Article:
The Giants don't seem too worried. Surgery has been ruled out. So I'm going to proceed as if everything's normal.
The oddest thing about the team-wide power outage last season was Sandoval's dinger-free existence. After a couple of seasons with over 20 homers, Sandoval hit 12 homers last year -- tied with Dustin Ackley and Miguel Olivo, and just one ahead of Cody Ransom. There is so much wrong with that sentence. And, after that slappy regular season, Sandoval became the fourth player in history to hit three home runs in one World Series game, hitting his first two off Justin Verlander. There is so much right with that sentence.
So which one was the fluke? Is Sandoval a dozen-homer guy who was in the right place at the right time in October? Or is he a 20- or even 30-homer guy who had a fluky, power-free regular season?
Before you mention the ballpark, note that Sandoval had just five homers on the road last year. The park didn't help, but it wasn't the entire issue.
I don't see how Sandoval can be a 12-homer guy. He swings too hard. He's too strong. When he's right, his opposite-field power is outstanding. It's the kind of opposite-field power that can make an MVP and Cy Young say, "Wow" when he doesn't know the cameras are on him.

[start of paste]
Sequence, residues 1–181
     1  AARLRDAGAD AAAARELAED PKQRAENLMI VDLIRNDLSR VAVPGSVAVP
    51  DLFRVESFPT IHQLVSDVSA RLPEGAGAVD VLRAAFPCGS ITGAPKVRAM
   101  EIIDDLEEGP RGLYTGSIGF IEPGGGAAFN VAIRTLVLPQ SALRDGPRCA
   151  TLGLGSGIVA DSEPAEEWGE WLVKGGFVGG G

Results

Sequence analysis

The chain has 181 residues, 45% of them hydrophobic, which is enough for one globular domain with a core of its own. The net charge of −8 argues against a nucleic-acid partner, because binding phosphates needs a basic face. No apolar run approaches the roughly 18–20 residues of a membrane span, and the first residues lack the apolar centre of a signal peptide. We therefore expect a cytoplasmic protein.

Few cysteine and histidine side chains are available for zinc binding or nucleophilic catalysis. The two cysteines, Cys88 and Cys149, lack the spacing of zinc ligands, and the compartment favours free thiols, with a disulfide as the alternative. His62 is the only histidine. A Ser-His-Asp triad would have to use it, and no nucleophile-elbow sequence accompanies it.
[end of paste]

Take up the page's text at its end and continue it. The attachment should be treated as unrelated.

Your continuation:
What would Mike Krukow call that? A both-cheeker yak-a-doo? Something like that. I'm just not sure how a guy who's adept at both a) making contact, and b) delivering both-cheeker-yak-a-doo swings can be good for only a dozen home runs every year. So I'm declining to believe in that Sandoval. I'm electing to believe in the one who was the World Series MVP. Or something in the middle, actually. Considering that Sandoval was still a good player last year, that would be quite the improvement.
If you're worried about the hacking, I kind of think that's overblown, too. He had a slightly above-average walk rate last year, and his strikeout rate is actually well below the league average. He'll take some amusing swings at pitches that bounce on the plate, but he'll also hold up on a lot of close pitches when he's down in the count. You just don't remember those. Actually, I don't either. Hold on, lemme make sure I have that right ...
Point is, I think Sandoval can get better. He's just 26, you know. There are still 26-year-olds flummoxing their current teams. Is Lorenzo Cain ready to break out? What about Desmond Jennings? Yet we're so used to Sandoval, that kind of thought rarely crosses our mind. Some years he's great, and some years he's just okay. I'm a going with the former this time around.
Us fanboys and fangirls should get secret decoder rings that light up, and we should all put them in the middle of a circle when we make these projections. Then we can make an "WOOOOOOAAAAAH" sound and raise them to the ceiling in unison before ... you know, it's too hard to explain here. I'll show you what I mean in person.